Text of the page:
Peru


576. Briefing Memorandum Prepared in the Department of State for the President’s Assistant for National Security Affairs (Kissinger), Washington, January 28, 1969.

Peru’s expropriation of a portion of the International Petroleum Company (IPC) would require the President to suspend assistance and the sugar quota, unless Peru adequately compensated the company. The Department of State predicted and that these sanctions would precipitate widespread criticism of the United States throughout Latin America.

Source: National Archives, Nixon Presidential Materials, NSC Files, Box 794, Country Files, Latin America, Peru, 21 January–31 March 1969, Vol. I, IPC Hickenlooper Amendment. Confidential. The note at the end of the memorandum, added by the NSC staff, was based on a January 28 memorandum from Rogers to the President; National Archives, RG 59, S/S Presidential Evening Reading, 1964–7/73: Lot 74 D 164, Box 410. Kissinger informed the President in a January 29 covering memorandum that NSC IG for Inter-American Affairs was working up plans if U.S.-Peruvian relations deteriorated.


577. Memorandum From the President’s Assistant for National Security Affairs (Kissinger) to President Nixon, Washington, February 6, 1969.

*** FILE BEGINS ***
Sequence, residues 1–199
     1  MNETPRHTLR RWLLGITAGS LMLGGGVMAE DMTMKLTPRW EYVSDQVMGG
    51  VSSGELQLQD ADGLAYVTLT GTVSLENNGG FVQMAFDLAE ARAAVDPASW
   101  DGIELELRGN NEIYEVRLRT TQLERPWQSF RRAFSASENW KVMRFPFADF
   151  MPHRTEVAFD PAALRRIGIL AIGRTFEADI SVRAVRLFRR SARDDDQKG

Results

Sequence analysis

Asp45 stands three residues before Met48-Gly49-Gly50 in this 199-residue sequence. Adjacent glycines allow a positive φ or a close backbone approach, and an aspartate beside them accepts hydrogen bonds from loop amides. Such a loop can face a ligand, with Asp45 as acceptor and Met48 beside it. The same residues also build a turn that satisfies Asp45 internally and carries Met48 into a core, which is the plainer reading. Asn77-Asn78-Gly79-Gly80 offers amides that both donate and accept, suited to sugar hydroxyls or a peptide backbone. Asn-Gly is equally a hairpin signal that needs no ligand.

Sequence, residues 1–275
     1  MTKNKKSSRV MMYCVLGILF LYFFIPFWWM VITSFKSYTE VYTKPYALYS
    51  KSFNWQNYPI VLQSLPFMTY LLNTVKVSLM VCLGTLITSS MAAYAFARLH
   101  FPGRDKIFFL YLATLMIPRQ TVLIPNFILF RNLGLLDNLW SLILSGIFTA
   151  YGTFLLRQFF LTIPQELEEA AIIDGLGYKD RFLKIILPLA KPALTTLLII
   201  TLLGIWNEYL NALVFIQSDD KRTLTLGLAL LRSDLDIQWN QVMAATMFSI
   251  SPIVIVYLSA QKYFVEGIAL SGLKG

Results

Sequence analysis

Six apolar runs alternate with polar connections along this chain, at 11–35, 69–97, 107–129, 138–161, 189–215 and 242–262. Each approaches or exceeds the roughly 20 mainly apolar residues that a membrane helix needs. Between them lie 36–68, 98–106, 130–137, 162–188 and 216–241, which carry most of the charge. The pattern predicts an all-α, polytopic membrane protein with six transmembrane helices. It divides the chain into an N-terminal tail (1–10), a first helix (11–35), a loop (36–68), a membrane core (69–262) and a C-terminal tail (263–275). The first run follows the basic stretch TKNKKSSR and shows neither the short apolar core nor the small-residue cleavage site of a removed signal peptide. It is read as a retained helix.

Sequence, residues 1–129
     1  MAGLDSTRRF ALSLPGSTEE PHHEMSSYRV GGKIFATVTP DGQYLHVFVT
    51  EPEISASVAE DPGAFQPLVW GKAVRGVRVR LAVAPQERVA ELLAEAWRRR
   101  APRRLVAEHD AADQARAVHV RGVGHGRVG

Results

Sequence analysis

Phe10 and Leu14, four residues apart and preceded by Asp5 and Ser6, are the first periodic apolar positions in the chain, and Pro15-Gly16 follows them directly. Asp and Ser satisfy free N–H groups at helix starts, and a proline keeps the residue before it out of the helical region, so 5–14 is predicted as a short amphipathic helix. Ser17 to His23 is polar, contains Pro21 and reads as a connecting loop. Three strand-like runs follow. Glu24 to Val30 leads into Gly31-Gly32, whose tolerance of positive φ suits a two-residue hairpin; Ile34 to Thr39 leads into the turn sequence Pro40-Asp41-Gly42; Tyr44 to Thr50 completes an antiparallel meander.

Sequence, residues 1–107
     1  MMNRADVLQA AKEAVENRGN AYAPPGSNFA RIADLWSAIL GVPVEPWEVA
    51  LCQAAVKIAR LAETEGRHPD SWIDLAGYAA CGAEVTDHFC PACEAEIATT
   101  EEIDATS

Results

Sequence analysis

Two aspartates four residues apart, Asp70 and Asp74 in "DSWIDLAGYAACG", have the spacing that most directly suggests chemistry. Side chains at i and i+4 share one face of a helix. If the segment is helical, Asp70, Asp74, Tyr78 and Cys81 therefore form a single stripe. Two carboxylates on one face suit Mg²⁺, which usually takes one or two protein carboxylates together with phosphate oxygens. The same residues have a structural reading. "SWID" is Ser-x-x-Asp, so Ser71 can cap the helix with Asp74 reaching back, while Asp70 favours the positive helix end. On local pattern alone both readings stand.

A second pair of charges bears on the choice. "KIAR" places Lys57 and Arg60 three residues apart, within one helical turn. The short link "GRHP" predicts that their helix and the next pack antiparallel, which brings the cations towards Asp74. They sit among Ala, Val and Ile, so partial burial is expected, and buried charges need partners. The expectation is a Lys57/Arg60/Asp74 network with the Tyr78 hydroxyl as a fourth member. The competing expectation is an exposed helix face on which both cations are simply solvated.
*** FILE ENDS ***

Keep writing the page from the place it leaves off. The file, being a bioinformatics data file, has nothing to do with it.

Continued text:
President’s Assistant for National Security Affairs Kissinger wrote President Nixon about a possible meeting with Ambassador Jones.

Source: National Archives, Nixon Presidential Materials, NSC Files, Box 794, Country Files, Latin America, Peru, 21 January–31 March 1969, Vol. 1, IPC Hickenlooper Amendment. Confidential. Nixon checked the option “Prefer you [Kissinger] see him,” and wrote, “and bring him in to say hello at end of conversation.” In a February 5 memorandum to Kissinger, Haig wrote, “I have little doubt that this is going to be one of President Nixon’s first major crises.” (Ibid.)


578. National Security Study Memorandum 18, Washington, February 7, 1969.

President Nixon requested a review of U.S. policy towards Peru, with emphasis given to the options available concerning the current situation and the IPC expropriation.

Source: National Archives, Nixon Presidential Materials, NSC Files, Box 365, NSSMs, NSSMs 1–42. Secret. A copy was sent to the Chairman of the JCS. The study of the NSC IG Study for Latin America, “U.S. Relations With Peru,” March 7, 1969, is printed as Document 581.